10. Why Research Gets Evaluated

There have been a number of examples of ethically questionable research. In some rare cases, significant violations resulted in criminal sanctions. These latter cases aside, many of the former unethical situations were rooted in the ‘dual-role’ of doctors who were also researchers.

In addition, it is generally accepted that participation in research may expose individuals to harm that they would not otherwise experience. This is one of the reasons why research involving humans requires review and approval by an independent REC according to accepted standards. This review serves to assess the ethical acceptability of research studies and helps researchers improve the quality of their projects.

The doctor’s role [that can be extended to other healthcare providers] in the doctor-patient relationship is different from the researcher’s role in the researcher-participant relationship, even if the doctor and the researcher are the same person. The doctor’s primary responsibility is the health and well-being of the patient, whereas the researcher’s primary responsibility is the generation of knowledge, which may or may not contribute to the research participant’s health and well-being. Thus, there is a potential for conflict between the two roles. When this occurs, the doctor role must take precedence over the researcher.

Medical research is a well-funded enterprise, and study centres are sometimes offered considerable rewards for participating. These can include cash payments per research participant enrolled, equipment such as computers to transmit the research data, invitations to conferences to discuss the research findings, and co-authorship of publications on the results of the research.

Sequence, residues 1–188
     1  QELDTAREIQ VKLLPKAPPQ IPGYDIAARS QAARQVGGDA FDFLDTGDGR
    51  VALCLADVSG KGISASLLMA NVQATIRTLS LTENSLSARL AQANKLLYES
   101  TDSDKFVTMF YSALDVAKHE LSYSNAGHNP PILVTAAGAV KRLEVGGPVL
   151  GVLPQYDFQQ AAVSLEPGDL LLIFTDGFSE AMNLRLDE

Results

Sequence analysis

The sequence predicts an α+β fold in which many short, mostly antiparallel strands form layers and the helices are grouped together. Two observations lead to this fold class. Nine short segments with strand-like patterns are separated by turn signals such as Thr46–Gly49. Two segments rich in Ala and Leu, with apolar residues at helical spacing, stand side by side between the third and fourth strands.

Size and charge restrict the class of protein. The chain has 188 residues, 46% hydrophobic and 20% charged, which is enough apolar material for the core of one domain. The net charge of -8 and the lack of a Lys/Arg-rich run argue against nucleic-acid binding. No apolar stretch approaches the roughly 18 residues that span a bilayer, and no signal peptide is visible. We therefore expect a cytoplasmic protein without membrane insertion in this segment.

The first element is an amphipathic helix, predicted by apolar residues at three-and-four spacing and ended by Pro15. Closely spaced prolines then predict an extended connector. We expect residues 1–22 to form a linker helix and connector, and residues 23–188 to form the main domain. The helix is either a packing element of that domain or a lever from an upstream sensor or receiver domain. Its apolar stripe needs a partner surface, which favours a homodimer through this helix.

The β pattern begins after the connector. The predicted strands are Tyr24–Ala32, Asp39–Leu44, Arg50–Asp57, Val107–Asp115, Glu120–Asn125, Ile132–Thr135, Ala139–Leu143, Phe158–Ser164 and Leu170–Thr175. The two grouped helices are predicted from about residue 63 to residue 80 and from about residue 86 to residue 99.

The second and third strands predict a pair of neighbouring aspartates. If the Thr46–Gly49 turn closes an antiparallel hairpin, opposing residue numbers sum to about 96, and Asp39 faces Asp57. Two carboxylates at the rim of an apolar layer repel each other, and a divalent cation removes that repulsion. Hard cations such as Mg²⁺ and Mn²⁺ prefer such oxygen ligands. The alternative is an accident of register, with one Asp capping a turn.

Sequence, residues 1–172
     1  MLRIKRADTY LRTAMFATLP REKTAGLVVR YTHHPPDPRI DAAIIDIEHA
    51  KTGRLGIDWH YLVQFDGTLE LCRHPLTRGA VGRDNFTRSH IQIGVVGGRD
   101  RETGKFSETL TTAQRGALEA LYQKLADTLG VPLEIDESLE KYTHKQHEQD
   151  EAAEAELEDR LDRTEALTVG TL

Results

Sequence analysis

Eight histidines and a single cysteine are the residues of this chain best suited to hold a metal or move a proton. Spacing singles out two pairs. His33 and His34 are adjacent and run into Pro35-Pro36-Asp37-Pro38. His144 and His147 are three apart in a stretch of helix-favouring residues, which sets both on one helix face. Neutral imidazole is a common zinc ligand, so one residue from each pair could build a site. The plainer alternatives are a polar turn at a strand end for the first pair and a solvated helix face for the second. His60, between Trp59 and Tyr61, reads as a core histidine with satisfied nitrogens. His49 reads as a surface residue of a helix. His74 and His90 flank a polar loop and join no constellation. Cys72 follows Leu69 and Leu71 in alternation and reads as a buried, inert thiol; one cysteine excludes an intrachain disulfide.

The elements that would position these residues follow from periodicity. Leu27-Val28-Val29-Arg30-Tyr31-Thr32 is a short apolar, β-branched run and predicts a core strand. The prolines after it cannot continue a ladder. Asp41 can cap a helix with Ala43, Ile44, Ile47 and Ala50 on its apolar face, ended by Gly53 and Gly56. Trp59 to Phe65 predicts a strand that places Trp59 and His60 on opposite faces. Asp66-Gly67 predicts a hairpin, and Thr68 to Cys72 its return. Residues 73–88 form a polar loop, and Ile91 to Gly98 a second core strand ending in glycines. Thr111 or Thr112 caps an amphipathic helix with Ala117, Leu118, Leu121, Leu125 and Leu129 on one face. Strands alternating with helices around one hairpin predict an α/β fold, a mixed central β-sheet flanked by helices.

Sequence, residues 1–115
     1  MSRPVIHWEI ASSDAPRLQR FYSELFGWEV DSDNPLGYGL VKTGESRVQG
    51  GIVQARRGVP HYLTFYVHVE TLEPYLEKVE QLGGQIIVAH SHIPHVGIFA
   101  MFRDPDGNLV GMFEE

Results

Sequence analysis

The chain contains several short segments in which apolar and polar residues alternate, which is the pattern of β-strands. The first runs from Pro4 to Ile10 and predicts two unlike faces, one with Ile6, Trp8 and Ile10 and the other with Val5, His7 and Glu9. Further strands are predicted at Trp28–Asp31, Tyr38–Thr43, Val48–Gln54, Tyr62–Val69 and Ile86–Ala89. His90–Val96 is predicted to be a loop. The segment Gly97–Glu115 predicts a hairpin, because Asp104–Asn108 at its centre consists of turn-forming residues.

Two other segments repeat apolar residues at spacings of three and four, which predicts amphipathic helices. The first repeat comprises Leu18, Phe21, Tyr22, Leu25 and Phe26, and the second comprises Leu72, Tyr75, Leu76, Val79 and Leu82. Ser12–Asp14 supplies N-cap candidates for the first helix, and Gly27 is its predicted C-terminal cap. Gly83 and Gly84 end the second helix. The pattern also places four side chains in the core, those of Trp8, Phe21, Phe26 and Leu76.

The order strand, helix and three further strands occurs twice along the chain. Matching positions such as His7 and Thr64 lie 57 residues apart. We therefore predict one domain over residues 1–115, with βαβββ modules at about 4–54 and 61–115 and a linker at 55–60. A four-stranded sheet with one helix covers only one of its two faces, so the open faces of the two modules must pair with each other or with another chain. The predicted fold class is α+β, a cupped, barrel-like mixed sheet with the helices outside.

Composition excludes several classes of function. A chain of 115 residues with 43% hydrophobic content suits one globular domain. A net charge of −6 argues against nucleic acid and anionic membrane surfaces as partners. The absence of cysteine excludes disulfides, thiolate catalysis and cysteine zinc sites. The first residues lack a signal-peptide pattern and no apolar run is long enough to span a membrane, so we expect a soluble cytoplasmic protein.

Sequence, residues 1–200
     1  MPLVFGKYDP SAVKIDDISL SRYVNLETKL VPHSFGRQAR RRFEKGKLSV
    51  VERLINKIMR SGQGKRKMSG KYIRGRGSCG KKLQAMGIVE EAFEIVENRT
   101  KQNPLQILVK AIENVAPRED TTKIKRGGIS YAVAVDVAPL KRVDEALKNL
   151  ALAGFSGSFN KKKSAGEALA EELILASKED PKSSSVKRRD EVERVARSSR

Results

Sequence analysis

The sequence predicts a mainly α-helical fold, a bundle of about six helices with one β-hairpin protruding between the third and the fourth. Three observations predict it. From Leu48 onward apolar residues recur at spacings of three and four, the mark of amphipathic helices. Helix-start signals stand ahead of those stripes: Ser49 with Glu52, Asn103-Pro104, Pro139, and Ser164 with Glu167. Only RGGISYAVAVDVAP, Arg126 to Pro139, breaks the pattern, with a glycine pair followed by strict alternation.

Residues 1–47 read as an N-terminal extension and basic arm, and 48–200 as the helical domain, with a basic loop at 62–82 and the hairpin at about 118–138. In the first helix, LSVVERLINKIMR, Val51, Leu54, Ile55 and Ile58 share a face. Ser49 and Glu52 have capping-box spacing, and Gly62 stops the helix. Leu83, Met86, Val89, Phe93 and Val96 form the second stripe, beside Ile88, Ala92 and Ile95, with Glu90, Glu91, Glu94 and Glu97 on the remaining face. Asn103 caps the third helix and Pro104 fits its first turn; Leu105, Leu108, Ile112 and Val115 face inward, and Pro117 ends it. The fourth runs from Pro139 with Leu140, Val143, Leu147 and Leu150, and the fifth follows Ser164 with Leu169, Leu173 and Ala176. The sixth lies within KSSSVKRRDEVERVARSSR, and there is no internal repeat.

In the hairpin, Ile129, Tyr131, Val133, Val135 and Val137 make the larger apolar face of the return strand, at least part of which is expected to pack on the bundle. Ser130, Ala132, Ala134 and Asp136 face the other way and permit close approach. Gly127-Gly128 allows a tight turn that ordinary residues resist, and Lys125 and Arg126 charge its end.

This dual-role is relevant to all healthcare providers who have a relationship of trust with patients and who also conduct research. The potential conflicts between the two roles are minimised by the development and implementation of appropriate legislation and guidelines.

In the context of international collaborative research, there are often inequalities in resources between developed countries, which often sponsor research, and developing countries that host the research. This raises important ethical concerns, including the potential for exploitation. Given the need for research in developing countries, awareness of the risk of exploitation reinforces the need for robust evaluation of research by RECs.